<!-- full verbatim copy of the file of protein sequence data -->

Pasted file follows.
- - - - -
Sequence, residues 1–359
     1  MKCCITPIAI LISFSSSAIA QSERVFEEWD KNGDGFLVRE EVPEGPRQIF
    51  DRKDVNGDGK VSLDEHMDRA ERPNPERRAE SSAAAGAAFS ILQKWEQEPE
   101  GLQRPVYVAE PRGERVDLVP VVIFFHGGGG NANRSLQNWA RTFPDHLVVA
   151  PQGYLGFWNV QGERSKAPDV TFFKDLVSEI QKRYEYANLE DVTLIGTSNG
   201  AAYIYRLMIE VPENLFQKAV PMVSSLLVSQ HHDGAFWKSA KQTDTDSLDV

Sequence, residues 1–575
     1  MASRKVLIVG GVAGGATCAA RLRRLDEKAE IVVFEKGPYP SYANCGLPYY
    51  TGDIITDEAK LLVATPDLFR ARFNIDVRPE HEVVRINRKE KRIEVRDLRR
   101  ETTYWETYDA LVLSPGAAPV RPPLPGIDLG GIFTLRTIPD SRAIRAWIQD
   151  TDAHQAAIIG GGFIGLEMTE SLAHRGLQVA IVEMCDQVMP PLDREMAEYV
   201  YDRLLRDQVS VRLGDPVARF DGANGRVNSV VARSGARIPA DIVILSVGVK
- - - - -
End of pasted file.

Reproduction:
Sequence, residues 1–359
     1  MKCCITPIAI LISFSSSAIA QSERVFEEWD KNGDGFLVRE EVPEGPRQIF
    51  DRKDVNGDGK VSLDEHMDRA ERPNPERRAE SSAAAGAAFS ILQKWEQEPE
   101  GLQRPVYVAE PRGERVDLVP VVIFFHGGGG NANRSLQNWA RTFPDHLVVA
   151  PQGYLGFWNV QGERSKAPDV TFFKDLVSEI QKRYEYANLE DVTLIGTSNG
   201  AAYIYRLMIE VPENLFQKAV PMVSSLLVSQ HHDGAFWKSA KQTDTDSLDV

Sequence, residues 1–575
     1  MASRKVLIVG GVAGGATCAA RLRRLDEKAE IVVFEKGPYP SYANCGLPYY
    51  TGDIITDEAK LLVATPDLFR ARFNIDVRPE HEVVRINRKE KRIEVRDLRR
   101  ETTYWETYDA LVLSPGAAPV RPPLPGIDLG GIFTLRTIPD SRAIRAWIQD
   151  TDAHQAAIIG GGFIGLEMTE SLAHRGLQVA IVEMCDQVMP PLDREMAEYV
   201  YDRLLRDQVS VRLGDPVARF DGANGRVNSV VARSGARIPA DIVILSVGVK